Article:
Sunday, November 9, 2014

INTERSTELLAR (2014) Movie Thoughts

Ambition has it limits..

Echoing about in my mind as the final moments of Christopher Nolan's great attempt at a stylistic crossroads. Highly anticipated as a grand scale space drama set as the Earth seems set to close the curtain on humanity, INTERSTELLAR, is an epic fraught with balancing new frontiers of the celebrated director and the clearly human heartbeats intended for its original captain. Initially designed as a project for Steven Spielberg, what results from this much-touted hand-off, is a clear case of great talent/potentially wrong footwear. Despite all the technical mastery at work throughout the film's sprawling 169 minutes, it becomes easy to see the divide between the often sentimental Hollywood giant, and the cold, calculating new king.

Matthew McConaughey, is former expert pilot and engineer, Cooper, who discovers a secret mission to save humanity as unprecedented blight seeks to end all human life on Earth. In a time when corn is all that remains as a viable crop, and the Apollo moon landing is taught to have been a hoax, Cooper's dreams for the lives of his young son, and particularly curious and headstrong daughter, Murphy, are largely being rerouted toward agrarian lifestyles. So when the single father and kids run across clues leading to NASA's clandestine and clearly dangerous mission, Cooper is seen as the last viable candidate to pilot the long distance ship, the Endurance. The goal: to traverse the gap in spacetime in hopes of finding a habitable world for what remains of the quickly dying human race. Based upon the work of elder scientists, including old friend, Professor Brand (Michael Caine), the small crew which includes his daughter, Amelia Brand(Anne Hathaway), Romilly(David Gyasi), Doyle (Wes Bentley), and geometrically fascinating military robot, TARS (Bill Irwin) launch for one last gamble.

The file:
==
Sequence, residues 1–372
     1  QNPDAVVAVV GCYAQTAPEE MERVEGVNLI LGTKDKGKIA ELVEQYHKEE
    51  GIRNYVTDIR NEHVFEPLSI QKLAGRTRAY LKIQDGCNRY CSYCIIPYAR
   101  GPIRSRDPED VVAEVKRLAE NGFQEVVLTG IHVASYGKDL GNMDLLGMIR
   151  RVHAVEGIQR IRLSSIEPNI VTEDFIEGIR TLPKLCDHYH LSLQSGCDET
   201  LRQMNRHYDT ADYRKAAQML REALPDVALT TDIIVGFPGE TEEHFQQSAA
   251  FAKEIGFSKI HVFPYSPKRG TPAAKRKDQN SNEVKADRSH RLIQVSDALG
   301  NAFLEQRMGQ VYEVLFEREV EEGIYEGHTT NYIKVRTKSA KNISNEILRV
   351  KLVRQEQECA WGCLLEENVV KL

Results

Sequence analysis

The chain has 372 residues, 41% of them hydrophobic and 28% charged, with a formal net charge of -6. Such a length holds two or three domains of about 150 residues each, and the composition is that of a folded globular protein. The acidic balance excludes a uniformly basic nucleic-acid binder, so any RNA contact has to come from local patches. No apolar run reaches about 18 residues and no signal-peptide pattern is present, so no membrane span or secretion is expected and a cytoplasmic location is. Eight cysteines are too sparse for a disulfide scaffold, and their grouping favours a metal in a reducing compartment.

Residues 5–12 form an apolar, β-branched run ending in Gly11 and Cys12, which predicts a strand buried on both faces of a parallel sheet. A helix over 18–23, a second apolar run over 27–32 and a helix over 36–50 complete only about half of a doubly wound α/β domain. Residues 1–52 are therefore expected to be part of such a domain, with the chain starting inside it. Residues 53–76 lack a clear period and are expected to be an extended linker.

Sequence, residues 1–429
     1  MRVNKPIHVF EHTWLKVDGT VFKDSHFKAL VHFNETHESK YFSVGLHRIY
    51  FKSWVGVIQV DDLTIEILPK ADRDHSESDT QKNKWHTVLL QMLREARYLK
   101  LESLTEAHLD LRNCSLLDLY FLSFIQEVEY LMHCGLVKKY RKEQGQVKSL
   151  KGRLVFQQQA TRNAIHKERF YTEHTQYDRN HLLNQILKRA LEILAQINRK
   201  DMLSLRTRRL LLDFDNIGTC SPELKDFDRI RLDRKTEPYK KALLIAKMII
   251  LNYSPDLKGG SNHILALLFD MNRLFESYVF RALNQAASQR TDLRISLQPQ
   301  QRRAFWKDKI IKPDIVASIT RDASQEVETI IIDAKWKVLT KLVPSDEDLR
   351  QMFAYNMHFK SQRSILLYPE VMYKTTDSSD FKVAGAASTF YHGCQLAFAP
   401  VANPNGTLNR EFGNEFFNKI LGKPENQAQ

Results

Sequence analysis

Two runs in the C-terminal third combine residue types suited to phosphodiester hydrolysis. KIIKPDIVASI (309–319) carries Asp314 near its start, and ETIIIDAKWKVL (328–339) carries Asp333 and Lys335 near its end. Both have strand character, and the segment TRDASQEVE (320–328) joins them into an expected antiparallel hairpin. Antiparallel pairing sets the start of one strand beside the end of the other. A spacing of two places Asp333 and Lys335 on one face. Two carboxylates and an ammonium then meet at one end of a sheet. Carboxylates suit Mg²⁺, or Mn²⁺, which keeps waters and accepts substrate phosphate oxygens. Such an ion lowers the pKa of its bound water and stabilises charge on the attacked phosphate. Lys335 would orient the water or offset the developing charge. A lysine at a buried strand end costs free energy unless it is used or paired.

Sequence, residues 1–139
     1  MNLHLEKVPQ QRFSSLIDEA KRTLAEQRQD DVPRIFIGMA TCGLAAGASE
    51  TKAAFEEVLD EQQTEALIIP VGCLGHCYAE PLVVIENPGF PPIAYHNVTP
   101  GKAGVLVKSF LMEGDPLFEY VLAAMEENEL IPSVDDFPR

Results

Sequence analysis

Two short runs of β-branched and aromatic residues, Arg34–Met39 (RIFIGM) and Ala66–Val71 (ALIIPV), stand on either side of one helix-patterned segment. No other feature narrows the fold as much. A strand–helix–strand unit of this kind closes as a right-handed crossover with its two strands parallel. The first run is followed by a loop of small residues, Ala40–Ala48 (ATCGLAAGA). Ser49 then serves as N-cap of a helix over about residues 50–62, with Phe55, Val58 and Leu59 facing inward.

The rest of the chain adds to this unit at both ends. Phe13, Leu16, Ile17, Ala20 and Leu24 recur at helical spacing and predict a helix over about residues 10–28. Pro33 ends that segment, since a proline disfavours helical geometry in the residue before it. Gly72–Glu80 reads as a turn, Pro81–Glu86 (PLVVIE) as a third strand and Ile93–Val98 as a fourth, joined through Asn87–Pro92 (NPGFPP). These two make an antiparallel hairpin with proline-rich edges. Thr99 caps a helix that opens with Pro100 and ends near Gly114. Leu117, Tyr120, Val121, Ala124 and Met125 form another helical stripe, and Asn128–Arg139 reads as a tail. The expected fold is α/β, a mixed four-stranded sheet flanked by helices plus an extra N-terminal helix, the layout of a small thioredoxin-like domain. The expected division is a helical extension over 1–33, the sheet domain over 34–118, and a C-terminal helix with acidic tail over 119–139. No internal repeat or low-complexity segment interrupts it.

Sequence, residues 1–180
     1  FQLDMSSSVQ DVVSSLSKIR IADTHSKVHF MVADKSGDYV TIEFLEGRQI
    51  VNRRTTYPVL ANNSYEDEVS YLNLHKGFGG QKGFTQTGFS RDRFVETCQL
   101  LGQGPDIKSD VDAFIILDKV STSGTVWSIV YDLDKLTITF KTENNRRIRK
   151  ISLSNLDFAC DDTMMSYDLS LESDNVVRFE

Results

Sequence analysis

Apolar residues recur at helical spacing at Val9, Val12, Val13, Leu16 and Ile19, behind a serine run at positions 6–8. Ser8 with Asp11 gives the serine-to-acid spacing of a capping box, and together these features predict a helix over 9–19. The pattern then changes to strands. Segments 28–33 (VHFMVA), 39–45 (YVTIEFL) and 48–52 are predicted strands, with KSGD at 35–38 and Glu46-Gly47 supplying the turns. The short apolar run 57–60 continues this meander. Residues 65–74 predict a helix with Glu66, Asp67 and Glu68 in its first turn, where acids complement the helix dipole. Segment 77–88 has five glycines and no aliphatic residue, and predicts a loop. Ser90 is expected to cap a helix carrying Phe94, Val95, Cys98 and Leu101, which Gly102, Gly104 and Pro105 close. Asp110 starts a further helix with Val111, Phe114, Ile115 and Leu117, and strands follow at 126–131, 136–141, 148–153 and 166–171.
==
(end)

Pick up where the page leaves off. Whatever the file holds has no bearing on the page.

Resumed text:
And while a great deal of the film offers up sumptuous and occasionally chilling detail regarding space travel, and alien environs, Nolan (and his brother/collaborator Jonathan) finds himself occasionally sidetracked by familiar fetishes. And while this can be expected of many great filmmakers, there are times when it simply doesn't gel with the larger whole. A problem that often dogged their last film, the obligatory, Dark Knight Rises (2012). Beginning with a mostly strong first third on Earth, the film soon hits rocky places once the often enticing talk of hard science runs headlong with the emotional core. As witnessed in past works like INCEPTION(2010), there is an almost reflexive queasiness that creeps in as the debate between theory and emotion are meant to collide. It seems to be the film's main thrust and yet both ends of the equation never seem to gather enough steam upon one another as equal combatants. Nolan's films are often meticulous exercises of conflicting ideas, and yet this time they seem unwilling to play ball as hard as previous films have displayed.